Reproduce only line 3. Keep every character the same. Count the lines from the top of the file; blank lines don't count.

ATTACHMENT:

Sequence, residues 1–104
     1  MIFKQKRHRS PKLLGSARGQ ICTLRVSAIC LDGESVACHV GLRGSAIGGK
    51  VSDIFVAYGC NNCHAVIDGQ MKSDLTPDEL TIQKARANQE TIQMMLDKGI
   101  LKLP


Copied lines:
    51  VSDIFVAYGC NNCHAVIDGQ MKSDLTPDEL TIQKARANQE TIQMMLDKGI